How the construction indutry is working towards net zero carbon economy
With the latest National Construction Code (NCC) 2022 coming into effect in May 2023, and with the Australian government aiming for the ambitious goal of a net zero carbon economy by 2050, architects, designers and construction practitioners are under more pressure than ever before to implement energy-efficient solutions wherever possible.
Adding to this is the ever-rising cost of energy, with countries around the globe plunging into what many are calling an energy crisis on the back of rising fuel prices caused by a confluence of factors ranging from the pandemic causing power plant maintenance backlogs, the Russia/Ukraine conflict causing shortages in key energy-related commodities, prepandemic disinvestment in fossil fuel energy solutions in favour of renewables, and a simultaneous shortage in critical metals needed for renewables to succeed, besides other factors.
With energy scarcity and climate change being top of mind, it makes economic sense to seek out energy-efficient construction and fit-out solutions, as well as to support the use of recycled materials wherever possible.
In light of all of this, what are some of the potential solutions and factors that need to be considered by construction and fit-out companies?
Light And Heat
Controlling light and heat within buildings typically translates into one of the biggest ongoing energy expenses. According to MIT in the USA, about 40% of all energy consumed by buildings globally is directly attributed to heating and cooling processes alone. Add energy consumption from lighting to this and you are sitting at about 50% of all energy costs.
Therefore, finding ways to reduce heating and cooling energy consumption, along with lighting, can make a massive impact on not only global energy consumption and contribute to a significant reduction in emissions, but it can also have a positive impact on businesses’ bottom lines.
When it comes to energy-efficient construction and fit-outs, often lighting and heating work in tandem. Large glass windows that are positioned strategically to allow in as much sunlight as possible are extremely effective at not only providing free and ample lighting to indoor spaces but also allowing the sun to naturally heat the interior more effectively. The introduction of retractable shading options such as awnings or roller blinds can be effectively used to produce cooling should the sun be too warm.
Admittedly, such natural heating and cooling solutions are not always as effective as needed, so HVAC systems are still usually required. However, the installation of heat exchangers rather than air conditioners can make a significant difference in the energy consumption of a building.
Likewise, electrical lighting cannot be entirely avoided. However, installing energy-efficient LED lighting solutions is far more environmentally friendly than alternatives such as halogen or fluorescent lighting. LED lighting produces brighter light for longer, without producing as much heat or requiring as much energy, cutting your lighting energy costs considerably.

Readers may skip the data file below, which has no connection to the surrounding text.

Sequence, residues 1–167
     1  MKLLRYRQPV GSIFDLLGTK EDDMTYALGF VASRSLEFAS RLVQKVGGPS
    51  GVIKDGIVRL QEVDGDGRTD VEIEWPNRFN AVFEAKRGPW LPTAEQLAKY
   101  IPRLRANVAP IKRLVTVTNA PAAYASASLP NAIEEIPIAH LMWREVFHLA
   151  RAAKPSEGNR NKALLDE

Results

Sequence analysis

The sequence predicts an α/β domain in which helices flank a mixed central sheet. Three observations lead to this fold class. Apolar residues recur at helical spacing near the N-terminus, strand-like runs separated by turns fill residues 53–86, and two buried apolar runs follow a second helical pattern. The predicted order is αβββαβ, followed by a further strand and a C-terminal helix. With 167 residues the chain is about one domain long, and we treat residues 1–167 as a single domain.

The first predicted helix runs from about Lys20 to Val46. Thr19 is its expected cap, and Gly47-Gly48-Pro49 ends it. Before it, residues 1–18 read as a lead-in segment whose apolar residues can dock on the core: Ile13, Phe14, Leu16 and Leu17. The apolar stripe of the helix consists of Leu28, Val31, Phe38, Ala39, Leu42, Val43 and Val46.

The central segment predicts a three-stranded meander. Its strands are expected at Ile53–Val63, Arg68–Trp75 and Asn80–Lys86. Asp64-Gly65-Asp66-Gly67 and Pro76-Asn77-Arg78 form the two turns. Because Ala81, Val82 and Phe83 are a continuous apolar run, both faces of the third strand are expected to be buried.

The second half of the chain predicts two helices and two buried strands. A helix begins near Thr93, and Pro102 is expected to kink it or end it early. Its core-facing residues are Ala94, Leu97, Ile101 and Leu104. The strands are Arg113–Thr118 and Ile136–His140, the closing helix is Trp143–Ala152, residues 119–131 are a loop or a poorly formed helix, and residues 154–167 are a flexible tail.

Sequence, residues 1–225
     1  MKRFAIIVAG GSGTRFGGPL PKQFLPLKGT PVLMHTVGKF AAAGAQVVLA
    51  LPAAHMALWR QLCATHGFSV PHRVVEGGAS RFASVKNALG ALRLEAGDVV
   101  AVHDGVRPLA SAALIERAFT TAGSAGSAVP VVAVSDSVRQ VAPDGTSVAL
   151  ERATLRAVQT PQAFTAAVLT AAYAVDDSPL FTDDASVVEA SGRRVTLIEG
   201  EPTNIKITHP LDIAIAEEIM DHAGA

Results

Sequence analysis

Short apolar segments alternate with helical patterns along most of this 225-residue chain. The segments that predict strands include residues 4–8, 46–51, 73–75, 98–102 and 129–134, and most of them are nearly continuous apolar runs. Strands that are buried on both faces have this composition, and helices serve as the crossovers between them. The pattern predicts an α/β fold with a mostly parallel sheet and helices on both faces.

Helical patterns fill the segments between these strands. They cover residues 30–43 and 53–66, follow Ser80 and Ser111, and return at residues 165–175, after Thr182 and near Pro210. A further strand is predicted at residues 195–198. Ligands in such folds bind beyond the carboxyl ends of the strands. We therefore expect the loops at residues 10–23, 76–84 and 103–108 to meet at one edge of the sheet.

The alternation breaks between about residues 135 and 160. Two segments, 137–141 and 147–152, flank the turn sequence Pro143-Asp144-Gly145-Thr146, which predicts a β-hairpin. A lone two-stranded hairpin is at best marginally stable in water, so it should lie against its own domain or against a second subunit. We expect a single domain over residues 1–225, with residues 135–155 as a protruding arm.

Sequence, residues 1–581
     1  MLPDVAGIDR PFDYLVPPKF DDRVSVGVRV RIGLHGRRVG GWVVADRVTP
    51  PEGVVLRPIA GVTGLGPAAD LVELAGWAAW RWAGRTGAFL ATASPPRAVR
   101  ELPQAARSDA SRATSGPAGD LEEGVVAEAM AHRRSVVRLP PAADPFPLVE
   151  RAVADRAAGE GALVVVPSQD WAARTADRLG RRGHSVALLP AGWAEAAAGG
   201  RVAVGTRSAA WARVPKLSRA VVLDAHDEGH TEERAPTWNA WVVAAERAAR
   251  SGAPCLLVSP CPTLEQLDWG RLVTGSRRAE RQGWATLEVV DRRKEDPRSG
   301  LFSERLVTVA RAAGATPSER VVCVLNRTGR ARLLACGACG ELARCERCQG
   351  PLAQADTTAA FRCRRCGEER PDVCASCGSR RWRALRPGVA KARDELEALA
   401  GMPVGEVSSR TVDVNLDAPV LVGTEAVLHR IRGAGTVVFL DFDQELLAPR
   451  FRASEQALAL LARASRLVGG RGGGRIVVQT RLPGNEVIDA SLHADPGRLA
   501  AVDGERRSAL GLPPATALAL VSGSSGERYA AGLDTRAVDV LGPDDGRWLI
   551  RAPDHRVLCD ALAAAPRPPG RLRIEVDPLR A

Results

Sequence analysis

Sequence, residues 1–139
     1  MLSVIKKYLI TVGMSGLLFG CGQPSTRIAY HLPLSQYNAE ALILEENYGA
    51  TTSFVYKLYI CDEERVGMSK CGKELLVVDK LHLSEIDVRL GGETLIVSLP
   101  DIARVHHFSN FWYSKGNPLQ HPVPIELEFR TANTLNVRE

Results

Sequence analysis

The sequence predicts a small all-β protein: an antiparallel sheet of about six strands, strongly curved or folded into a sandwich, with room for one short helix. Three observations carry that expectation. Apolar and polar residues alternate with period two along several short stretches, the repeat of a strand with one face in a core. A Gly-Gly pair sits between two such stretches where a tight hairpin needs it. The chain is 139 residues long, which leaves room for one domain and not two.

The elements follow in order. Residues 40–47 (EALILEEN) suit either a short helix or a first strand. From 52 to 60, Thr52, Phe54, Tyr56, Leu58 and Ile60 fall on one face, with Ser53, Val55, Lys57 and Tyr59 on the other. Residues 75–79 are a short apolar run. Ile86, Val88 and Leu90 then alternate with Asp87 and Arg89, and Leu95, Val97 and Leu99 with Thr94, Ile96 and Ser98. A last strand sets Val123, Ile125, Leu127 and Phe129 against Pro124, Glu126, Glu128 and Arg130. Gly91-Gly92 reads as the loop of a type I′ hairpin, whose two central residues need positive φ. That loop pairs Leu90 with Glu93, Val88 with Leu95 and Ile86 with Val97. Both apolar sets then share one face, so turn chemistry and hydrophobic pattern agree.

When it comes to water heating, solar water heaters are highly effective at reducing the energy cost of a building. These are particularly effective in hot and sunny countries such as Australia.
Recycled materials are great options for fit-outs. Not only are such materials low cost but they have a positive environmental impact by reducing unnecessary waste that would otherwise end up in landfills. By using recycled materials, you are contributing to the circular economy and helping to create and sustain jobs that benefit the planet.
Particularly, bamboo or reclaimed timber can be used for a range of office joinery, shelving, furniture and cladding. Composite decking boards are also a great option as they are cheap, look great and are extremely durable. It looks just like timber but is made from a variety of recycled materials, such as plastics and other waste products. It can also be used to manufacture furniture, table tops and more.
The installation of solar panels on the roof of a building can contribute significantly to its energy efficiency by supplementing or even wholly supporting the energy needs of the building through a renewable source of electricity.
In addition, the installation of water catchment troughs, tanks and gutters to funnel rainwater appropriately can further contribute to the reduction of waste. Water purification carried out by water utilities costs a lot of money and energy, not to mention the chemicals for treatment and the cost of pumps, pipe maintenance and more.
By catching and storing rainwater ‒ particularly for greywater uses such as flushing toilets ‒ a building can significantly reduce its waste and operating costs while also contributing to reducing overall and indirect energy consumption.
Commercial Construction Management
For a Melbourne commercial construction manager who can ensure that your construction and fit-out project is energy efficient and uses sustainable resources as much as possible, contact us at Fox Management Group today.